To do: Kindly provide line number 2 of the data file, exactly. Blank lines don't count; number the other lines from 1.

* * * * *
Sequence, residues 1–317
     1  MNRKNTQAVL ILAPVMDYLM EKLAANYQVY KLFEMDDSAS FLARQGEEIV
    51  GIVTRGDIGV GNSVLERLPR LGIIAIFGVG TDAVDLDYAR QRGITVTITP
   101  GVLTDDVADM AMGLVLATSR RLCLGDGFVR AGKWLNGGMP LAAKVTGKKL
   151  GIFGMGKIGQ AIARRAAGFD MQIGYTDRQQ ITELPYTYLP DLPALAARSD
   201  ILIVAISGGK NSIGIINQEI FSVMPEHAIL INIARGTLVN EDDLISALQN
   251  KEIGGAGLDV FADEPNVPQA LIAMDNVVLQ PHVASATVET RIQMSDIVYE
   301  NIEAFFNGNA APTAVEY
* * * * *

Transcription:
     1  MNRKNTQAVL ILAPVMDYLM EKLAANYQVY KLFEMDDSAS FLARQGEEIV